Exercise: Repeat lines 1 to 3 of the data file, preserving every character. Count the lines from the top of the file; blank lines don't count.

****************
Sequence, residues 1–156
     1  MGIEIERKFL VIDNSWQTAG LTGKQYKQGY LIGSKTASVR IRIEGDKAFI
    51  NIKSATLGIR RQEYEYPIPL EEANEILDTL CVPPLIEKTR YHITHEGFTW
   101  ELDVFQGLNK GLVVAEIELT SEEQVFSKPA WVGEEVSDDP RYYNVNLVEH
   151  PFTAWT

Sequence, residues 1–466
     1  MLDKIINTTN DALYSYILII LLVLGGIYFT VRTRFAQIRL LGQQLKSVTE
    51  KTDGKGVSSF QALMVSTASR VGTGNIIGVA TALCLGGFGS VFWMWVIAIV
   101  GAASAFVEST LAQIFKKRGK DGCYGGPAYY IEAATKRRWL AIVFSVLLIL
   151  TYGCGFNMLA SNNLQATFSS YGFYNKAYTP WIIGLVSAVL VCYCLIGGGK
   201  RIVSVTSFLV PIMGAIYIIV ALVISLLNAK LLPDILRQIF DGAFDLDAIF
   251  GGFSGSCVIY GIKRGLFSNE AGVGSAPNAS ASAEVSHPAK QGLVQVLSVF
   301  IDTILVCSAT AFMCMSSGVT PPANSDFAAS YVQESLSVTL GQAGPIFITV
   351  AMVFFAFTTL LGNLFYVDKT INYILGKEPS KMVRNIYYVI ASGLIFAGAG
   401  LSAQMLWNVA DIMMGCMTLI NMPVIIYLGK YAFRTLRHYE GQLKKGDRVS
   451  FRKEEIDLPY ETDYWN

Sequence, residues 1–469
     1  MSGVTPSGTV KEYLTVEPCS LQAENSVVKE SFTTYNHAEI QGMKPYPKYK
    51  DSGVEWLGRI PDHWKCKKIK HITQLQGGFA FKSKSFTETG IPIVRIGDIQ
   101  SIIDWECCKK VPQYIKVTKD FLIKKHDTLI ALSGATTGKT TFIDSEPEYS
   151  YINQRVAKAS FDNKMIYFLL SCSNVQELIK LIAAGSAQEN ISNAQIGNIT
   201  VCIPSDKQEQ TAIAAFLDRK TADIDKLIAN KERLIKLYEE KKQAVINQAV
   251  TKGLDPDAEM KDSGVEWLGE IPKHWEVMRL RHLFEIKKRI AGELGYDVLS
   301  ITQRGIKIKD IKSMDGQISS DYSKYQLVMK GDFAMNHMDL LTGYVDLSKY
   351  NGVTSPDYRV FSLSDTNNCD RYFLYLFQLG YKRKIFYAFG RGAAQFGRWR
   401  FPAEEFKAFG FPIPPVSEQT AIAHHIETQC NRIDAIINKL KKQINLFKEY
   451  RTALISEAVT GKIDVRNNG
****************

Sequence, residues 1–156
     1  MGIEIERKFL VIDNSWQTAG LTGKQYKQGY LIGSKTASVR IRIEGDKAFI
    51  NIKSATLGIR RQEYEYPIPL EEANEILDTL CVPPLIEKTR YHITHEGFTW